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Comparative Analysis of Block Cipher Modes of Operation

International Advanced Researches & Engineering Congress-2017
16-18 November 2017
Comparative Analysis of Block Cipher Modes of Operation
Diedon Bujari1* and Erke Aribas1
1 ITU Faculty of Computer and Informatics Engineering, Istanbul/TURKEY
* Corresponding author. Tel.: +90 551 242 23 08, E-mail address:
In this paper, block cipher modes of operation used in cryptography, including both deterministic and probabilistic ones,
are investigated in detail. A block cipher mode of operation is a particular way to use a block cipher, such as DES or AES,
by combining it with some simple operations and feedback mechanism. The modes considered here are the Electronic Code
Book (ECB) mode, the Cipher Block Chaining (CBC) mode, the Output Feedback (OFB) mode, the Cipher Feedback
(CFB) mode, and the Counter (CTR) mode. These operation modes are analyzed, and compared in terms of their security,
efficiency, and performance when implemented in MATLAB.
Keywords: Block ciphers, CBC, CFB, Cryptography, CTR, ECB, Modes of operation, OFB
1. Introduction
Cryptography, or the science of encryption, is the heart
of the communication network today. It is used as an
instrument to maintain the security during the exchange
of data, such as text, audio, image, etc., in the presence of
unauthorized attackers. Throughout history, various
approaches have been practiced, such as transposition and
substitution. With the developments in the field, more
secure and advanced algorithms were introduced, also
called as block ciphers, such as the Data Encryption
Standard (DES), Advanced Encryption Standard (AES),
RSA, etc. These cryptographic algorithms compose about
90% of all encryption that happens in the real world: on
the Internet, cell phones, smart cards, databases, etc. [1].
As shown in Fig. 1, the application scenario is very
simplistic: a data block (e.g. 128 bits) is encrypted using
a key, producing the ciphertext; multiple data blocks are
encrypted one after another. However, in practice, this
approach is not very useful since the length of the data
being encrypted is very short. For example, 128-bit data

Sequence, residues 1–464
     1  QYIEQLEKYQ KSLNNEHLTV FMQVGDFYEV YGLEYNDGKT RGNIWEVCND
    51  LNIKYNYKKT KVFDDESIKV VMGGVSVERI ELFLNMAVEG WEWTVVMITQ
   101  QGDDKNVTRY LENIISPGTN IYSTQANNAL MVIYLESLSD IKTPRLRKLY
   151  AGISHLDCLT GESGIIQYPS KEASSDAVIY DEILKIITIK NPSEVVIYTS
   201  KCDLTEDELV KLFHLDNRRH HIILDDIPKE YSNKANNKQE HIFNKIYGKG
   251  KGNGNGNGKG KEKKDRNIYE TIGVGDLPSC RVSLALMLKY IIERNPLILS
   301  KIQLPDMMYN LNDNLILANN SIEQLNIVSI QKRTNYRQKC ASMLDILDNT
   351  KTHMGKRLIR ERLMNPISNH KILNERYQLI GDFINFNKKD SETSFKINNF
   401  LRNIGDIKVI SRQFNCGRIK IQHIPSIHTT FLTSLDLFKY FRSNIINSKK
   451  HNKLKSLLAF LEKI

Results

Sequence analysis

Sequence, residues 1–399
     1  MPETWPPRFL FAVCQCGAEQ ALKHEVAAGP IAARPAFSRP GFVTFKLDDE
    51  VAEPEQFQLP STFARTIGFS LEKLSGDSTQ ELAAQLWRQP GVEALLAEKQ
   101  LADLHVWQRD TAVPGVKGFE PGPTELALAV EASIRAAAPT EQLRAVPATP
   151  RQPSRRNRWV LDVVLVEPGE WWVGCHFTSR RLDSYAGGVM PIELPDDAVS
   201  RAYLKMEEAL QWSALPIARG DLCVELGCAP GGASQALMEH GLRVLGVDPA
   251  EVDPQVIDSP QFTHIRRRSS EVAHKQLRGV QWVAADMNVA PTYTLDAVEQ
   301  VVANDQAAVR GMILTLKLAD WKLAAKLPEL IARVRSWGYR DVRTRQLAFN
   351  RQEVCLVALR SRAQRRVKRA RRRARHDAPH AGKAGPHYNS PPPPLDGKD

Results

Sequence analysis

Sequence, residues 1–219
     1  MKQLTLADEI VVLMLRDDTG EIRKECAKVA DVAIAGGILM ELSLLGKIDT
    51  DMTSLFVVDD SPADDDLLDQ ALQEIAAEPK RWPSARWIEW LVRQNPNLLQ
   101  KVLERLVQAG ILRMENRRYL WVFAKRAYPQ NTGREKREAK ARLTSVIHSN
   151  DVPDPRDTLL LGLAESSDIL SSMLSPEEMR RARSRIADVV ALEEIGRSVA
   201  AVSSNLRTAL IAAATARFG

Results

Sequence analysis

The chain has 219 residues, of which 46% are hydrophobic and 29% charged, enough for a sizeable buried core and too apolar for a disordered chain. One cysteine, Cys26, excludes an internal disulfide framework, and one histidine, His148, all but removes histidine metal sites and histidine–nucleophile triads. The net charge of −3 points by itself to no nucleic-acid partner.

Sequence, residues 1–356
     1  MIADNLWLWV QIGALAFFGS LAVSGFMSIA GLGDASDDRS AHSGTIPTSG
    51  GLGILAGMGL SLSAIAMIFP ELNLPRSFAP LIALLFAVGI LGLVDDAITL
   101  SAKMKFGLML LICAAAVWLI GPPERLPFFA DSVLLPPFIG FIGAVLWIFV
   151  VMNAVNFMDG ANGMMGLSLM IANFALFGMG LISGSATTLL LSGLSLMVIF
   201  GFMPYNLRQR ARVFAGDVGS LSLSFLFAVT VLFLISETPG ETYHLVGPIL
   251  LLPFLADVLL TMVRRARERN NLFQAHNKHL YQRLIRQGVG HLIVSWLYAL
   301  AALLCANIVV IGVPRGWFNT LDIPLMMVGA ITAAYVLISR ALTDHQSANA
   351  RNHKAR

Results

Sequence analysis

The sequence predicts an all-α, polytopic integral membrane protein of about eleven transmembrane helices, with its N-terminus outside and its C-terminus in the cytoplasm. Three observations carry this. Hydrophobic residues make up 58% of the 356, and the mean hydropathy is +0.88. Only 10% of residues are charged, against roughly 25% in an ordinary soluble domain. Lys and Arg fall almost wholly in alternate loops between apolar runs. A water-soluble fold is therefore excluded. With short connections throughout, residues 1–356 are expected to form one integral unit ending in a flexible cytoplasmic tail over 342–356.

corresponds to 16 characters. In order to encrypt larger
amounts of data, a block cipher is combined with some
simple operations and feedback mechanism.
Figure 1. Block cipher scheme
In the first part of the paper, the most used and popular
modes of operation are introduced. Afterwards, they are
analyzed one-by-one by considering the problems they
solve, their security and efficiency. By means of security,
identical plaintext pattern problems, chaining reliance,
and error propagation are evaluated. In addition to these,
the possibility of parallelization of both encryption and
decryption operations are discussed. Finally, the modes
are compared in terms of performance when implemented
in MATLAB. In this part, the Advanced Encryption
Standard (AES) is used as the building block cipher, and
the results are presented in cycles per byte (cpb).
2. Block Cipher Modes of Operation
Block ciphers, excluding as encryption algorithms, can
be utilized for many other tasks in order to build different
cryptographic mechanisms. Here is the list of some of its
Different encryption schemes,
Stream ciphers,
Pseudo-random number generator (PRNG),
Hash functions,
Message authentication codes (MACs), etc.
Different ways of using a block cipher for encryption,
combining some simple operations, are called block cipher
modes of operation. There are several modes of operation,
as illustrated in Fig. 2, which are going to be discussed in
the next sections. They are divided into two groups: the
ones which result in deterministic encryption, and the ones
in probabilistic encryption. In deterministic encryption
schemes, if the key does not change, a particular plaintext is
International Advanced Researches & Engineering Congress-2017
Figure 2. Modes of operation
mapped to a fixed ciphertext. On the other hand,